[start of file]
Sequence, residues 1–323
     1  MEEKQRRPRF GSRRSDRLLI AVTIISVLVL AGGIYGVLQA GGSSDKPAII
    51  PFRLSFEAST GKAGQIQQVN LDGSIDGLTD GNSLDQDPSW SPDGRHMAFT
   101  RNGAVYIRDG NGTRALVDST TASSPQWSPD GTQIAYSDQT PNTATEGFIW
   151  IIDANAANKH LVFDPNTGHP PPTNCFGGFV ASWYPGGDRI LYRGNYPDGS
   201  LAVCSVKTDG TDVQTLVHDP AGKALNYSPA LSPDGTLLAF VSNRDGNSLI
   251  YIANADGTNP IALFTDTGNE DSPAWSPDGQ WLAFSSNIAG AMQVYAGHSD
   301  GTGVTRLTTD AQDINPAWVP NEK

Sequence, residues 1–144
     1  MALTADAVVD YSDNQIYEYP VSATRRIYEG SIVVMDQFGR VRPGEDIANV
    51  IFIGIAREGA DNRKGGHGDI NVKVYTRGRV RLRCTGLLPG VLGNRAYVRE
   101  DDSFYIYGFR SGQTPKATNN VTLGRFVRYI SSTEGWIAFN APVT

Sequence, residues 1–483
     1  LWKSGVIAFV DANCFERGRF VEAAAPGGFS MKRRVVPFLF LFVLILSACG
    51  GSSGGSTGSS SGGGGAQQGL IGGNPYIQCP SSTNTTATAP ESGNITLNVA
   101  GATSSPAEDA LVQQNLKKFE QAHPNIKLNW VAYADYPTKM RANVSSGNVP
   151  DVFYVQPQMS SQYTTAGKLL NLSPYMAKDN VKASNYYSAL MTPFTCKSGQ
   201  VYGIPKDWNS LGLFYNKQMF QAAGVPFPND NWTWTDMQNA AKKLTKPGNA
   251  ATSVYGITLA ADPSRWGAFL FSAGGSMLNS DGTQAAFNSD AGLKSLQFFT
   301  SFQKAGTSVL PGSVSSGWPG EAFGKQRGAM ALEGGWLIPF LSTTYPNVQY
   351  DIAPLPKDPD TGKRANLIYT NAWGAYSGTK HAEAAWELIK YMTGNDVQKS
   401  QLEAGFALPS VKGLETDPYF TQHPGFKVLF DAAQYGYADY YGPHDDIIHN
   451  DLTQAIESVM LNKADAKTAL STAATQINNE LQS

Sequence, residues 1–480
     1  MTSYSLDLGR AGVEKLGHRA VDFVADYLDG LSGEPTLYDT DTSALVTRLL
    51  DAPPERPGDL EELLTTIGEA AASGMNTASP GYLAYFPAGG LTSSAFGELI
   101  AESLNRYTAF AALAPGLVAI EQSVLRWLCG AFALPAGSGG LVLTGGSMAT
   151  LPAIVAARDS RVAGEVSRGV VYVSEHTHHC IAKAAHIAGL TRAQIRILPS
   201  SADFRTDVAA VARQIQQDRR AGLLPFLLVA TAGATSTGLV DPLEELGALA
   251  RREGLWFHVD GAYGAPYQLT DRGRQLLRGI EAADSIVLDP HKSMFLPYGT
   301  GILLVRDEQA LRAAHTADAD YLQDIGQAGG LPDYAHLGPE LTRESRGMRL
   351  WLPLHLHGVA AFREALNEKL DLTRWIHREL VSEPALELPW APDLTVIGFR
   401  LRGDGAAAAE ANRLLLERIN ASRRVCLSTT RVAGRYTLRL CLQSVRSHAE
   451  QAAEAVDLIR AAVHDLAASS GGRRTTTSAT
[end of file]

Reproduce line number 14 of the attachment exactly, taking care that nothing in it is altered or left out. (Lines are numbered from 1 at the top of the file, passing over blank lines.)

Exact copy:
     1  LWKSGVIAFV DANCFERGRF VEAAAPGGFS MKRRVVPFLF LFVLILSACG